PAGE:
When was the last time you saw a Lifetime movie about a man struggling to escape his abusive wife? Chances are, you may have never seen such a movie. Domestic violence against men is a very difficult to subject to discuss in today’s culture for a number of reasons, but from Hollywood’s perspective, the concept has provided little more than comic relief or as a punchline “of a larger, depressing narrative,” according to Anne P. Mitchell, retired family law professor at Lincoln Law School of San Jose. Violence perpetrated by women against men is especially challenging, because, while cultural morality says that men should not hit women, the same is not necessarily true in reverse.
In 2010 and 2011, the Centers for Disease Control and Prevention conducted studies based on the responses of more than 18,000 telephone participants. The results in both years estimated that more 5.2 million men had experienced violence from an intimate partner in the previous 12 months compared to less than 4.8 million women. This is not to suggest that violence against women is not a serious problem; it is. But violence against men is also a problem and both need to be addressed.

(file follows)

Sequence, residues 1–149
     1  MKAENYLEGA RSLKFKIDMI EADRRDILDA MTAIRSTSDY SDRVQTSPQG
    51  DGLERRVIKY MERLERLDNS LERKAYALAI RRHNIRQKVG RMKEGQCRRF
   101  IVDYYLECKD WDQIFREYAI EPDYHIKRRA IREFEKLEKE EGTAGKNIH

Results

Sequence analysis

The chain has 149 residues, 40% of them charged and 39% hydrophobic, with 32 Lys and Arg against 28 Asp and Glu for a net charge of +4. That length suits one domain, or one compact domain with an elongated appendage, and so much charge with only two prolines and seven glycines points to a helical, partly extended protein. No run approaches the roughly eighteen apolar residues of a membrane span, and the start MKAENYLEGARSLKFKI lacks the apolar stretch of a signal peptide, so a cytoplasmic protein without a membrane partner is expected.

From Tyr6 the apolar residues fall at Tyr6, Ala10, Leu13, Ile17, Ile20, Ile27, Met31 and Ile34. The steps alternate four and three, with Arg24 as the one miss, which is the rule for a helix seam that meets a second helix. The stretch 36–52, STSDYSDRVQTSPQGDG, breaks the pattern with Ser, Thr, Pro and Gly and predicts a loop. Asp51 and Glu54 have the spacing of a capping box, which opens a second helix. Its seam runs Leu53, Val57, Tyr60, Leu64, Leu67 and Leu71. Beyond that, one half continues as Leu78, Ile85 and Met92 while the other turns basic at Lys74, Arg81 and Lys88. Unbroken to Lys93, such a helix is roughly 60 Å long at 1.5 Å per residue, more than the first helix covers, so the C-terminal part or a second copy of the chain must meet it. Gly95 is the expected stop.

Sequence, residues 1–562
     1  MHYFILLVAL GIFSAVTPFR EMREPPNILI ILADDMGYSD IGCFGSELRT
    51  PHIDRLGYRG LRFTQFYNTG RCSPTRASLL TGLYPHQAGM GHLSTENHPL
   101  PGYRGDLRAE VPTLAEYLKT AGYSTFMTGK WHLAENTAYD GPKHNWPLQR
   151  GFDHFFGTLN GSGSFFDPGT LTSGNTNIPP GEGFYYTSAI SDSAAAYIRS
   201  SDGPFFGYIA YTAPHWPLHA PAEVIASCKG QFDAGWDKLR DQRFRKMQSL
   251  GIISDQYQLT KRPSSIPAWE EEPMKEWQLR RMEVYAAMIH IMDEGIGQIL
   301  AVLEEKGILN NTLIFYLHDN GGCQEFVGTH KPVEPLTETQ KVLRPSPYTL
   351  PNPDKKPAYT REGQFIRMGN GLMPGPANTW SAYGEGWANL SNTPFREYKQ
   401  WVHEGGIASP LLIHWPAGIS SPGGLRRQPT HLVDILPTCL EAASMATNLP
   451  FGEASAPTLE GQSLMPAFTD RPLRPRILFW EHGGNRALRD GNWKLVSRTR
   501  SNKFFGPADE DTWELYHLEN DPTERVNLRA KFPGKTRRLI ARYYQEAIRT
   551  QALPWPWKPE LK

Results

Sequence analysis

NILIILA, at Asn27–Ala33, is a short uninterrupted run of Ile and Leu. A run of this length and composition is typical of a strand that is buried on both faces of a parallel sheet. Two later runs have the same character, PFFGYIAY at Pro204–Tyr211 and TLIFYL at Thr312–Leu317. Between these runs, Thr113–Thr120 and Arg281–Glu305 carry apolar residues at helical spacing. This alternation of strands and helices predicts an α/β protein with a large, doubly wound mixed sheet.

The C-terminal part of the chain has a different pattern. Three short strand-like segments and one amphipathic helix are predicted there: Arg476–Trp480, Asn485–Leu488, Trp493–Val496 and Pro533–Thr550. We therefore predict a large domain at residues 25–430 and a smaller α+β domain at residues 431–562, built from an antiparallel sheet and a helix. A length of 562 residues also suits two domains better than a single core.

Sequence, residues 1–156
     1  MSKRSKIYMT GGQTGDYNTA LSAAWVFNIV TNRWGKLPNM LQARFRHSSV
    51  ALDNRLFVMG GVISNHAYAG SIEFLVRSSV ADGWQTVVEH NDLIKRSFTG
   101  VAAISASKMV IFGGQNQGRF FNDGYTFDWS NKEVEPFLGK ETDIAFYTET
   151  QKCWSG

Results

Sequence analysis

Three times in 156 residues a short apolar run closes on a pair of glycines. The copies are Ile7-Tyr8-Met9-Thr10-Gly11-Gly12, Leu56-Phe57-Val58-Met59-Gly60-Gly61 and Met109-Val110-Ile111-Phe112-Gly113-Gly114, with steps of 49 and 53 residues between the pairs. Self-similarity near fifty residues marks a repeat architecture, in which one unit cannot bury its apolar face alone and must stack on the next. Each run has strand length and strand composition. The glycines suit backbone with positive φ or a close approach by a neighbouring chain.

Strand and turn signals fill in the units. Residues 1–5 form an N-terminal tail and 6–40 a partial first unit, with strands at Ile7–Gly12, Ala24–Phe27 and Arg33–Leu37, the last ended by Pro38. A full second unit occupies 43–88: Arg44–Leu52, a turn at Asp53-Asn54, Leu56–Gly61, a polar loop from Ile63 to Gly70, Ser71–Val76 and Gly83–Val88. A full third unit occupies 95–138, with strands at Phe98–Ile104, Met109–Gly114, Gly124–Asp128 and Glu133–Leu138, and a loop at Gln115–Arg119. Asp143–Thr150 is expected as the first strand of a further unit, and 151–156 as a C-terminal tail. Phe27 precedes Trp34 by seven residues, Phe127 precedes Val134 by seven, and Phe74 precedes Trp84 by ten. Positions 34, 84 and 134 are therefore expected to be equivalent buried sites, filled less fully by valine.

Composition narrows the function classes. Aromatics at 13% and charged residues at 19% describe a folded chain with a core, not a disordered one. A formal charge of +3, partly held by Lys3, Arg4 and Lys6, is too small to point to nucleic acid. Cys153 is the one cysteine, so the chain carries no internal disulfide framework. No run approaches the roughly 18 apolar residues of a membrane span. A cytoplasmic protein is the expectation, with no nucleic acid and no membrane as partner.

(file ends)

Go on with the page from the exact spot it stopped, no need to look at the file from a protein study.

Karla Ivankovich, adjunct professor of psychology at the University of Illinois, Springfield observed, “Reports are also showing a decline of the number of women and in increase in the number of men reporting.” She went to explain that the social outcry associated with domestic violence against women does not exist to the same extent for men because society, as a whole, does not know how to handle it.
Why Do Men Stay Silent?
Experts suggest a number of reasons why most male domestic violence victims are unwilling to come forward. In some cases, the man is hesitant to get the abuser in trouble, according to Mitchell. In others, says Ivankovich, the man fears that people will think he is lying, or worse, that he is actually the abuser. Mitchell agrees, indicating that, all too often, a man will call the police to report domestic abuse by a female partner and he is the one who gets arrested.
Mitchell also points out that many men feel trapped in their situation due to the perceived way in which divorce laws empower women. Abused men believe that if they try to get out and file for divorce, they are likely to lose their children. Courts, she says, tend to think “that it’s better to have one happy parent than two unhappy parents—and when it comes down to it, the father is not that necessary.
Domestic Violence Attorney
For many advocates against domestic violence, abuse is abuse regardless of gender. There should not be a stigma associated with a man seeking help for intimate partner violence. If you have been the victim of domestic violence and need legal assistance, contact a compassionate family law attorney in Orland Parktoday. We proudly help both men and women seek the protections they need, while fighting to safeguard their legal rights regarding children and property. Call 708-518-8200 for your free consultation.